Digital Marketing's 7 Deadly Sins

Digital-Marketing-7-Deadly-Sins.jpgSo your company wants to implement a digital marketing strategy... Congratulations, that's a really smart move AND you've come to the right place! You may already have an idea of what you'd like to accomplish with digital marketing and how, but once you get started, it can be easy to start wanting and expecting results that aren't realistic. Before that can happen, check out digital marketing's 7 "deadly" sins so you'll know what to expect, avoid, and how to react to situations you might experience when you start marketing online.

Successful Digital Marketing Strategies Won't Include...

Lust (Marketing to the Wrong People in the Wrong Places)

Of course you have deep desires to attract more customers, but it's not okay for you to just throw yourself at just anybody in unsavory ways. This means no spamming email inboxes, no blowing up social media feeds, and no putting links to your website in seedy forum comment sections, etc. just to get your name out there to anybody and everybody hoping that something works.

Instead, you need to first focus on attracting the RIGHT customers. Not every single living, breathing human needs what you have to offer, so you should only be focusing on the ones that do. Flesh out your buyer personas, then craft your content so that your sharing information that they need in the places they're looking for it.

Gluttony (Focusing on Quantity of Posts Rather than Quality of Content)

You should absolutely share your content, but you should never post for the sake of posting. Nobody wants to see 8 Facebook updates from the same company in one day, and if you start sharing content that isn't relevant to your followers just so you can stay at the top of their newsfeeds and timelines, you can expect to be seeing a lot of unfollows.

The Zero Moment of Truth is that exact moment when someone has a need or question they want answered online. For B2B companies, over 70% of buying decisions are made prior to ever contacting a company. With that in mind, stop oversharing and start focusing on the quality of your content over the quantity of your posts. Anticipate the needs of your personas, provide information to educate them, and if your content is awesome, authentic, informative, and ultimately, valuable, you'll likely win the trust and the business of the people who need your products or services.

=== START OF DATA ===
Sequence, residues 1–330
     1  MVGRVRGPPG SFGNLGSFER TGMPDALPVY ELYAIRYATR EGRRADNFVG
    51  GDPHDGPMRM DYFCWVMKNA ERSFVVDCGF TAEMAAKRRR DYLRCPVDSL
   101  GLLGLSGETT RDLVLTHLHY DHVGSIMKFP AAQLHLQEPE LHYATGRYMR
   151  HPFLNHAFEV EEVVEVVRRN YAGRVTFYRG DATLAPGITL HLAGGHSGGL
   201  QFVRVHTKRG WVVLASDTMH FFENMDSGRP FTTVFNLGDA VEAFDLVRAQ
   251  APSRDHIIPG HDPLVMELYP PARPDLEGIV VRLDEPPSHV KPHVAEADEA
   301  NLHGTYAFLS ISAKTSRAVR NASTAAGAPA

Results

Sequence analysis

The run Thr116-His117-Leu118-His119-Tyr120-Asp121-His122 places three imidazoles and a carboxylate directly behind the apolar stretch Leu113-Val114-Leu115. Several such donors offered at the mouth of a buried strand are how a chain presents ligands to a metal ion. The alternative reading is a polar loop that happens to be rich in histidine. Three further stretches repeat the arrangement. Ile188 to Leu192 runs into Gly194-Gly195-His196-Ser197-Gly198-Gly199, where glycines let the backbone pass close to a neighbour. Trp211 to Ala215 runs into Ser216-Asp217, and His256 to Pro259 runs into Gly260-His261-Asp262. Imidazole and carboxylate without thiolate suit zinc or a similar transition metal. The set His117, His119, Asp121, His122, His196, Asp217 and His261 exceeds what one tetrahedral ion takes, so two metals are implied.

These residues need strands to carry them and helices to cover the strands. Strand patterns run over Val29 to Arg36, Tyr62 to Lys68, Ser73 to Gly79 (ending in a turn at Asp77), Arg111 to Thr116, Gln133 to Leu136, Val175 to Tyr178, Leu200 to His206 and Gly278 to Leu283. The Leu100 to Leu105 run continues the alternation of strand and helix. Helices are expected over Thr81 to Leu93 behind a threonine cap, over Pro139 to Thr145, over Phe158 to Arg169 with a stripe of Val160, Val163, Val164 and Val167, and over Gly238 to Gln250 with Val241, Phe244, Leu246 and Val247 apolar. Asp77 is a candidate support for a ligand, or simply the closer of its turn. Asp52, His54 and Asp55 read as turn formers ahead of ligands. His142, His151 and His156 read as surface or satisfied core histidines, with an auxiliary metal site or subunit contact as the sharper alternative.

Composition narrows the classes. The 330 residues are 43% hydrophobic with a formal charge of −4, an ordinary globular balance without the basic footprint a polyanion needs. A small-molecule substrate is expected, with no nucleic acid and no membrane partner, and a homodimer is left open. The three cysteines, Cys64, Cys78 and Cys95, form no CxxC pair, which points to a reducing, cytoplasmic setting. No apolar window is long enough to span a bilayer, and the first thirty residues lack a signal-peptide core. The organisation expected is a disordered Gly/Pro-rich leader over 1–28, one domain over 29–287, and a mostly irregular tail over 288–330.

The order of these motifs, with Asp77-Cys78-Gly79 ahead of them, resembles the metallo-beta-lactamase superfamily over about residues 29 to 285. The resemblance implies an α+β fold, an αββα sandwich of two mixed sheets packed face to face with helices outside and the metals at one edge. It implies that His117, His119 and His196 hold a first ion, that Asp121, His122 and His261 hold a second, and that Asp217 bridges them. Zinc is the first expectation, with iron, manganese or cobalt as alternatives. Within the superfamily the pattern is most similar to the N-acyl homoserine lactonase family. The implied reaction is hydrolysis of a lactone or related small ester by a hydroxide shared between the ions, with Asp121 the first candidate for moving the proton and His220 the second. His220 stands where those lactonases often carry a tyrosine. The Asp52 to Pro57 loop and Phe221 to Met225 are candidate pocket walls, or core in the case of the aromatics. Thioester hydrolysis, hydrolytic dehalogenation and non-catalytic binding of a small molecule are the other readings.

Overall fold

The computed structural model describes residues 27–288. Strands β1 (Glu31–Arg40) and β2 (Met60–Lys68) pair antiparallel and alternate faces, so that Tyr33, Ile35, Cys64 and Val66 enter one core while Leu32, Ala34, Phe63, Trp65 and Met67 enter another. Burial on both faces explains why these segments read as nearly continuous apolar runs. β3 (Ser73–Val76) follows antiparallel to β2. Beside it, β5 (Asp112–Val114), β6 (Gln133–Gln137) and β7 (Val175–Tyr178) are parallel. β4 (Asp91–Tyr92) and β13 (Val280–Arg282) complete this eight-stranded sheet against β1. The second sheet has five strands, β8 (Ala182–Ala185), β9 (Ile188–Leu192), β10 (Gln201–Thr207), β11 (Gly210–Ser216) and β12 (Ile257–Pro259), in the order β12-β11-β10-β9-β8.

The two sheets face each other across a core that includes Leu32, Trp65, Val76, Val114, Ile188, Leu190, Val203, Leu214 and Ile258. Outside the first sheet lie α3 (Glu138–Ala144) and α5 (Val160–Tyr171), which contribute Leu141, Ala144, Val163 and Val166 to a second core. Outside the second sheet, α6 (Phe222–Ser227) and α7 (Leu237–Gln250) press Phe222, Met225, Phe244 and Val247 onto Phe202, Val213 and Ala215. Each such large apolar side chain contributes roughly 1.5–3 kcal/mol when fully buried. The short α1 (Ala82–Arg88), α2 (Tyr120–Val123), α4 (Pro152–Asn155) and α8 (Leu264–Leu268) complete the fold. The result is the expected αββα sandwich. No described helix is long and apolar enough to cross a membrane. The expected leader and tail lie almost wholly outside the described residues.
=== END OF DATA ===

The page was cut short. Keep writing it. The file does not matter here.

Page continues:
Greed (Expecting Results Immediately)

Know that customers won't be banging down the doors for your service the second you redesign your website or start regularly publishing content. We know that you spent a lot of time and money making all of these changes and implementing a digital marketing plan and that you want to see a return on your investment, but, as with anything, good things come to those who wait.

If you're new to digital marketing, it's going to take several months to start seeing results. Over time, once you have perfected your on- and off-page SEO, have researched and started ranking for the right keywords, and have a deep well of information for consumers to draw from, you'll establish yourself as an expert in your field meaning more people will be able to find you, trust you, and choose you over the competition.

Sloth (Letting Consumers Forget Who You Are)

It's simply not enough to just create a website and let it sit, or create social media profiles without ever sharing anything on them. If people are looking for answers or solutions to their problems and come across your website or profiles, they're going to click away and onto your competition if there is no current, quality information there to guide them or meet their needs.